Maine’s largest brewery, the Shipyard Brewing Co., has been billed for only a fraction of its sewer usage since 1996, an apparent oversight that has cost the city of Portland hundreds of thousands of dollars in lost revenue annually.

The owner said if the city decides to make the brewery pay the 15 years’ worth of back fees, the brewery will have to close.

The error was discovered a year ago, when city employees were working with Shipyard as part of an initiative to help city businesses reduce sewer usage.

Shipyard has been paying its full sewer bill since last March. The additional charges range from $17,000 to $41,000 a month, according to Portland Water District records provided in response to a Freedom of Access request by The Portland Press Herald.

Shipyard bottles more than 3 million gallons of beer annually.

Breweries typically discharge 2 to 6 gallons of water into the sewer system for every gallon of beer produced, according to Chris Swersey, manager of technical brewing projects for the Brewers Association, a national trade group.

City officials won’t say how much money the city has lost in total. The Portland Water District would not release Shipyard’s water usage data without the company’s approval because it is proprietary information, according to Ron Miller, the district’s general manager. He said the brewery will decide whether to release the data by Monday, the deadline set by Maine law for responding to the newspaper’s request for public information.

The city’s failure to collect sewer payments from Shipyard means that the brewery’s share of sewer system costs have effectively been paid by other users, including businesses and homeowners. The unbilled charges amount to about $300,000 a year, Miller said.

City officials say they are investigating how the mistake occurred and are working with the Portland Water District to make sure that all the city’s sewer customers are being billed properly, city spokeswoman Nicole Clegg said. Until the investigation is complete, the city is not prepared to make a decision about whether it will seek back payments, she said.

“Right now we need to understand what happened and why,” she said.

Shipyard President Fred Forsley said if the business had to make the back payments, they would be so large that the brewery would go out of business, and with it would go the 75 jobs it provides.

He confirmed the estimated figure as current, but said the charges would have been less in previous years because production volumes were significantly lower. He said he did not know the total amount he should have been billed. The company’s fluctuating production volumes, coupled with changes in the water district’s rates, make it difficult to calculate what Shipyard’s payment would have been without more specific information about its water usage since 1996, when a second water line was installed at the brewery.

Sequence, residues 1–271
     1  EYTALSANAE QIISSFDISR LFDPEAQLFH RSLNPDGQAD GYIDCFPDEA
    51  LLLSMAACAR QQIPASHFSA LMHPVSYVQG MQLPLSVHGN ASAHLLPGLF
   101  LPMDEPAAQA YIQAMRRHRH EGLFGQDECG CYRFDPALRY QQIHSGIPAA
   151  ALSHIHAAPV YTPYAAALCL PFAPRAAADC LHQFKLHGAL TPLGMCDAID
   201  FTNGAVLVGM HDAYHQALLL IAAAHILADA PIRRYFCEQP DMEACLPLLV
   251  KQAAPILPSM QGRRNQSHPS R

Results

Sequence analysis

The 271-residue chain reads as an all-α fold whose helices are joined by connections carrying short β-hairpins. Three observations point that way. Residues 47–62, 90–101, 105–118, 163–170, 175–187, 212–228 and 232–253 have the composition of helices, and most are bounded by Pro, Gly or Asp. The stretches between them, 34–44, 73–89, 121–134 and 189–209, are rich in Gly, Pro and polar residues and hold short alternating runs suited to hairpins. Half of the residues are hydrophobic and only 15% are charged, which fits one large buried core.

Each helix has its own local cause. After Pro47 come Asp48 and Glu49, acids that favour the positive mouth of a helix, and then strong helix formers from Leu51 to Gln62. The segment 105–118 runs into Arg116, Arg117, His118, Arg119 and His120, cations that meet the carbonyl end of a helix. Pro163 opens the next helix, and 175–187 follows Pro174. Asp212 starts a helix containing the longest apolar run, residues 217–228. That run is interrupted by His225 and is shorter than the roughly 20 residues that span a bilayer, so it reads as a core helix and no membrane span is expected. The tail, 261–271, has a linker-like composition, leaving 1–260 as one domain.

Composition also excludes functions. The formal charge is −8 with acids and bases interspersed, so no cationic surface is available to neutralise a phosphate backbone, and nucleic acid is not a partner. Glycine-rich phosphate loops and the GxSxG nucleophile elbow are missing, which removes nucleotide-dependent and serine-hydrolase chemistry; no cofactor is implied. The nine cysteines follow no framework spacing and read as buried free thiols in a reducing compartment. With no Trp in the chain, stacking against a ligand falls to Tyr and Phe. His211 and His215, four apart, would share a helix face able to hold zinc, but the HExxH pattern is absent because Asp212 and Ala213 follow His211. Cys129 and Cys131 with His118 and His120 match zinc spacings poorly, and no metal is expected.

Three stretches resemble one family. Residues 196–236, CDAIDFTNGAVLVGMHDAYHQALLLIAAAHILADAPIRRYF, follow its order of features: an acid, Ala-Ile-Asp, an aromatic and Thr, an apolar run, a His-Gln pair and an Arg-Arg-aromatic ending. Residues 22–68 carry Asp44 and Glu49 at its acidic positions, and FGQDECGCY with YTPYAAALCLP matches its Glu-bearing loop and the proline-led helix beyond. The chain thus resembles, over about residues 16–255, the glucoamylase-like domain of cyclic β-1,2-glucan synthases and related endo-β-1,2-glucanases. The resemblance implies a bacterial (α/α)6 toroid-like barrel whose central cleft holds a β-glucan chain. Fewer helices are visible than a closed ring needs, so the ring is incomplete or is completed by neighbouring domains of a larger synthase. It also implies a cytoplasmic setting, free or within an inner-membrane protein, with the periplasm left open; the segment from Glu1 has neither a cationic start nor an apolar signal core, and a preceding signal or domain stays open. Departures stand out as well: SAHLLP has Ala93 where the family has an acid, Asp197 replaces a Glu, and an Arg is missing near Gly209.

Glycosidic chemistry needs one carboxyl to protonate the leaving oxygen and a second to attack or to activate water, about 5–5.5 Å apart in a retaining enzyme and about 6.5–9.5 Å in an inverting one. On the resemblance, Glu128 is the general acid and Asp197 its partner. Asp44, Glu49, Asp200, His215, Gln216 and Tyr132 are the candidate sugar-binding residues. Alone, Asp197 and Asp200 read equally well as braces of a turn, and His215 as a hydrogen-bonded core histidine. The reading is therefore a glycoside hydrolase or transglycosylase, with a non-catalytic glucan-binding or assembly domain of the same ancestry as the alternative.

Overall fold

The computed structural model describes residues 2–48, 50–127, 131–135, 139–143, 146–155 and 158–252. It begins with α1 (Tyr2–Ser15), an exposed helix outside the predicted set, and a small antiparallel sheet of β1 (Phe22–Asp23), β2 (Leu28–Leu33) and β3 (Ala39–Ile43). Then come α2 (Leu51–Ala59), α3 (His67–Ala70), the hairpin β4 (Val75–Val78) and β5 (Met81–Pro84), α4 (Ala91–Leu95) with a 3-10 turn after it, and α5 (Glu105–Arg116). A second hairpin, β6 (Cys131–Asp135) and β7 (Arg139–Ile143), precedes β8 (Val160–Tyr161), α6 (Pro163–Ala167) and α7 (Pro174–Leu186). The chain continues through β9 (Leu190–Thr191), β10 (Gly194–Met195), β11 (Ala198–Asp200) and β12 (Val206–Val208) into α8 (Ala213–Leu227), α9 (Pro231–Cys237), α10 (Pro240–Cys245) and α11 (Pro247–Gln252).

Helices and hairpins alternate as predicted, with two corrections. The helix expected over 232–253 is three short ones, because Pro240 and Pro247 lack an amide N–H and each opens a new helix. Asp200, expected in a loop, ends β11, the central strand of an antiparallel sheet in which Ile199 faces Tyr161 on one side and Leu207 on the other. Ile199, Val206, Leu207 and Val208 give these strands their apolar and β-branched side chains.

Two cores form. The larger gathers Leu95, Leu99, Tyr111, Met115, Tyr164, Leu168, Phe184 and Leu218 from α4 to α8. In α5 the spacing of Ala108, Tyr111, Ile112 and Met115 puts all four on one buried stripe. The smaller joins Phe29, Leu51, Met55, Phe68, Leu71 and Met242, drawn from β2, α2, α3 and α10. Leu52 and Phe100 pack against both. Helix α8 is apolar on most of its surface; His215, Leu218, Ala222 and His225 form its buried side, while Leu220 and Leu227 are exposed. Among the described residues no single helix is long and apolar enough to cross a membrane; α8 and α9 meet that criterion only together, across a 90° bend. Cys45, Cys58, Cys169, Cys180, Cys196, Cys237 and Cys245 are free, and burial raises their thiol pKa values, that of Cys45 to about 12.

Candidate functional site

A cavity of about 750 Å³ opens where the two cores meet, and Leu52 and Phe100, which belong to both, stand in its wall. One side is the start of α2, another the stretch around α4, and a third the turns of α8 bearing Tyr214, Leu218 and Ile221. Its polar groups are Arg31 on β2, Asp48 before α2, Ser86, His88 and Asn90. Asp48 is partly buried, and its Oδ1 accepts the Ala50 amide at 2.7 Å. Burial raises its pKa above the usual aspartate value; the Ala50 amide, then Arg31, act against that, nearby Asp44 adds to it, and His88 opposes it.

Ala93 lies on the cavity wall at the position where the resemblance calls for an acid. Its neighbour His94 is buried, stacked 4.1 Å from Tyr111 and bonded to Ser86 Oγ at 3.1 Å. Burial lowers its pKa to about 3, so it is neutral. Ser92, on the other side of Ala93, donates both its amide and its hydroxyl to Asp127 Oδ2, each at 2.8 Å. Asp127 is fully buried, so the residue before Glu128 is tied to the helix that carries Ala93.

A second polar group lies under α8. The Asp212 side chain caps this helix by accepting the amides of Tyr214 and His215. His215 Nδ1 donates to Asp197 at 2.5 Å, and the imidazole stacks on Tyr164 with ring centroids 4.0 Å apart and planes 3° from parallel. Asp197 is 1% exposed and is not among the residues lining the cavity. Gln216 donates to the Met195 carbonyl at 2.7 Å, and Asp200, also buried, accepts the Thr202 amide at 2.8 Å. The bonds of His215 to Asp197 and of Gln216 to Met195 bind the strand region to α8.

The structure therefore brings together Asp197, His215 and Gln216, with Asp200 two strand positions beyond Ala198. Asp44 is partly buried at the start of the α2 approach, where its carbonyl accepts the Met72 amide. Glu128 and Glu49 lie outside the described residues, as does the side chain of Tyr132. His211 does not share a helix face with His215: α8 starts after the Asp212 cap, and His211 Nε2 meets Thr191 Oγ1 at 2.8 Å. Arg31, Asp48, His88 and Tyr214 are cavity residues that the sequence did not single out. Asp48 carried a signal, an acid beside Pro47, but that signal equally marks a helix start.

Forsley said he has always paid his sewer bill and that he was never aware that the bill was only a portion of what he should have been paying. Forsley contends that the brewery is not responsible for making back payments for a service it was never billed for.

‘Brew water only’

The city is responsible for maintaining sewer lines. The Portland Water District is a quasi-municipal organization that provides water to customers in Portland and 10 other municipalities. It also provides waste treatment services to six municipalities, including Portland. Sewer bills are based on how much water a business or household uses. That’s because water usage acts as a proxy for how much wastewater a business or household produces.

The brewery operates in a building that is served by a metered 4-inch water line, which was installed in 1979. Shipyard has always paid the sewer bill on the account established for that line. In 1996, when Shipyard was the fastest growing craft-beer producer in the country, the brewery added a new 6-inch water line. A submeter was installed on that line to measure the volume of water coming in. The water district’s work order for the submeter, dated Sept. 3, 1996, specified that a sewer account would not be set up for the 6-inch line, according to district records.